Fifteen-year-old Jordan Murphy loves to play hoops, so after school he and his brother Joshua, 13, jump on bikes and troll their neighborhood in Shawnee, Kan., for pickup games. Often they pedal through a hectic blind intersection to get to courts at the civic center, and then toss their bags on the ground and start dribbling. They don’t hear their cellphone ring-ring-ringing, don’t allay the fears of their single mother who’s telling herself that all’s fine, probably, but if only they would just answer the phone....
Then in April mom Jacqui Fahrnow bought Jordan and Joshua a cellphone from Sprint Nextel that doubles as a tracking beacon. Now if the kids haven’t arrived at the civic center or other designated courts by 3:15 in the afternoon, Fahrnow’s phone jingles and up pops a color map of their location, replete with street addresses. If they’re at or near the courts or at Aunt Valerie’s house or the grocery store, Fahrnow doesn’t worry; if they’re far afield, she knows where to find them. Peace of mind for just $9.99 a month.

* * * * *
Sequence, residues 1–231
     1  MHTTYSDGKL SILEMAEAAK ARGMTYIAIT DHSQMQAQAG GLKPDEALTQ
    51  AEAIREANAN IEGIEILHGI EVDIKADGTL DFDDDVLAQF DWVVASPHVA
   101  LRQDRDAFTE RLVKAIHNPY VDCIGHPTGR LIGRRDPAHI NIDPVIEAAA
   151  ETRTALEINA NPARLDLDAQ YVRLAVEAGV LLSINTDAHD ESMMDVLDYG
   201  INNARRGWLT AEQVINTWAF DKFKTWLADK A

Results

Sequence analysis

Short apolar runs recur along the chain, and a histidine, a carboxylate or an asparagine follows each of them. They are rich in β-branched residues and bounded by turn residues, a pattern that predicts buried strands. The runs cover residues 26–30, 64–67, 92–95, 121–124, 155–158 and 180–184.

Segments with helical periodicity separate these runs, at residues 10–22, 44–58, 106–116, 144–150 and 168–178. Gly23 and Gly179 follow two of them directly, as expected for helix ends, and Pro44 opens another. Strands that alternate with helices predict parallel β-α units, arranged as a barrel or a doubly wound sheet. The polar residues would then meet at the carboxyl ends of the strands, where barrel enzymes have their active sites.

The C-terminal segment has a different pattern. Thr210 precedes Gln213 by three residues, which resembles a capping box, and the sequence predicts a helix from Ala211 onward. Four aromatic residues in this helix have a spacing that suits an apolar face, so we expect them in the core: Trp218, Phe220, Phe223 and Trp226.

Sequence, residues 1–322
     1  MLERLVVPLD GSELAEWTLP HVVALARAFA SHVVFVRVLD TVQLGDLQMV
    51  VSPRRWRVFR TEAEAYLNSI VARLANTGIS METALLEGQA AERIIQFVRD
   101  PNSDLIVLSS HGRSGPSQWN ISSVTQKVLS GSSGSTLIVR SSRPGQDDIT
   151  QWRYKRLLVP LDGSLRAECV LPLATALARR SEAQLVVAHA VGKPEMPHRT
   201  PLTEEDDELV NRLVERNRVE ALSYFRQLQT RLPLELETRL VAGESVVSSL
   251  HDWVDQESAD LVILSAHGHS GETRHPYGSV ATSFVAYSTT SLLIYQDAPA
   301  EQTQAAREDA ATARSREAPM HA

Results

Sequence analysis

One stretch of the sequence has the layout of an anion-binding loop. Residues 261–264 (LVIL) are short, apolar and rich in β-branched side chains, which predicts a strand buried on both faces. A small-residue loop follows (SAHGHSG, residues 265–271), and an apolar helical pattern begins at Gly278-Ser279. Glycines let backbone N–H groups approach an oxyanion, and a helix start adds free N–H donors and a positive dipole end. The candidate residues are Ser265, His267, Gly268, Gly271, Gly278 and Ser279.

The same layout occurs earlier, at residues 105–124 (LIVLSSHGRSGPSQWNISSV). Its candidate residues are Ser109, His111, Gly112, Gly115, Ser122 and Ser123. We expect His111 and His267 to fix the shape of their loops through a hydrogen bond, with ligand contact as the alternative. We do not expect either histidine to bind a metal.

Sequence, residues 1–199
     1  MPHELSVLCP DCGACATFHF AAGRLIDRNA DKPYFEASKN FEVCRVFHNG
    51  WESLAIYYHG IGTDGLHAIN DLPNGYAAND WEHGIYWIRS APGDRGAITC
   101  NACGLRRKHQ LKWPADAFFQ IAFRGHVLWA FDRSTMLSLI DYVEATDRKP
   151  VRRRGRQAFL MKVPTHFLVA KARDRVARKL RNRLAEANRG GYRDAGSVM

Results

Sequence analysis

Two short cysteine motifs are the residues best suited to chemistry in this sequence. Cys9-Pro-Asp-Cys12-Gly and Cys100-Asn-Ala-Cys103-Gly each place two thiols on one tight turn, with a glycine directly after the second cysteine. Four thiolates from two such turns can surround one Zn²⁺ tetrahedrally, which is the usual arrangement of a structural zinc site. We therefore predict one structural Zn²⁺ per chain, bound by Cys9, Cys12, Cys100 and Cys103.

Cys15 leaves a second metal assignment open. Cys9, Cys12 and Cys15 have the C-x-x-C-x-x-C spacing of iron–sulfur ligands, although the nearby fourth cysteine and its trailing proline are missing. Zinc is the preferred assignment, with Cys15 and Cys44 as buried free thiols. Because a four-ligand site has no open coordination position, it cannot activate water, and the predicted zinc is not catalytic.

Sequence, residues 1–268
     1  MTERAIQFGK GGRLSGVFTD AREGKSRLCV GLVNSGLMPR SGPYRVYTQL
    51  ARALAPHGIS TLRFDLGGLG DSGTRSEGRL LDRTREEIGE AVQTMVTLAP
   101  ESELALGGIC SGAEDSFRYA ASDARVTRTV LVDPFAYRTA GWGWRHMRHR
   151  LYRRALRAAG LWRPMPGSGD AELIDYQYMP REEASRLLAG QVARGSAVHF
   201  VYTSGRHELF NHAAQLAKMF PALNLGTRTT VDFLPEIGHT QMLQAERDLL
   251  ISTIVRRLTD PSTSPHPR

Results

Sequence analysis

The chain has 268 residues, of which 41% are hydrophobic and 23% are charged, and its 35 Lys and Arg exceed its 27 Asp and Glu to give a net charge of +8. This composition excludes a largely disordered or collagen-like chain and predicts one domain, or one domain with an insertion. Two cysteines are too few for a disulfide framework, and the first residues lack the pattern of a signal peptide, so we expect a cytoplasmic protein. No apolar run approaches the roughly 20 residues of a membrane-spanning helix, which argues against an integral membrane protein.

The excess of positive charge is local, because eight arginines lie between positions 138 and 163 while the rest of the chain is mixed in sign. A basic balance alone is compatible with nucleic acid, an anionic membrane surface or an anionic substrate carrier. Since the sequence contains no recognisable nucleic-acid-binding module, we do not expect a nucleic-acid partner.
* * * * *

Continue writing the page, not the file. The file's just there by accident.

“It’s like having another set of eyes,” says Fahrnow, who owns an office management business. “This will be even more useful when they get older and start driving. With four wheels under you, a lot of things can happen.”
Keeping tabs on the kids
Sprint Family Locator, which debuted in April, is just one of many newly released cellular services that use global positioning satellites -- originally developed for military use -- to allow family members to keep tabs on each other via their phones. Disney Mobile, which opened for business earlier this month, includes child tracking among its basic features. Verizon Wireless’ Chaperone service lets parents enclose up to 10 areas in virtual fencing, and to receive a text message if their children breach a boundary.